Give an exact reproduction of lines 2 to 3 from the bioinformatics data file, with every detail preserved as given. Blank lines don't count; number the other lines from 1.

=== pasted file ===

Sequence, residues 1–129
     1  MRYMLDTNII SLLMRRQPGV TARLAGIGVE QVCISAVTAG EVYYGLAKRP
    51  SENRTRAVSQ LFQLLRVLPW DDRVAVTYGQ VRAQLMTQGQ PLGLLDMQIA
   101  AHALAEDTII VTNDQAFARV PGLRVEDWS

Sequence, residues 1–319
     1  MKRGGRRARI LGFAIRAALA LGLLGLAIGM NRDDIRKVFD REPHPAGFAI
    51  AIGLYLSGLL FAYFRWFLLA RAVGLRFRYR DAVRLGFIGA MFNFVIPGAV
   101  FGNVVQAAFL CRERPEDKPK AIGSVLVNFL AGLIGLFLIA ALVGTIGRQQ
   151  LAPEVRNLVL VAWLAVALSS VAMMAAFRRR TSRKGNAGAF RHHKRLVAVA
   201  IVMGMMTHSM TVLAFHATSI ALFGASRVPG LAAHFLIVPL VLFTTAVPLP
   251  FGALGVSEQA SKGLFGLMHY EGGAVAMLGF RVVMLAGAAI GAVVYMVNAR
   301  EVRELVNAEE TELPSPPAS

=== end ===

     1  MRYMLDTNII SLLMRRQPGV TARLAGIGVE QVCISAVTAG EVYYGLAKRP
    51  SENRTRAVSQ LFQLLRVLPW DDRVAVTYGQ VRAQLMTQGQ PLGLLDMQIA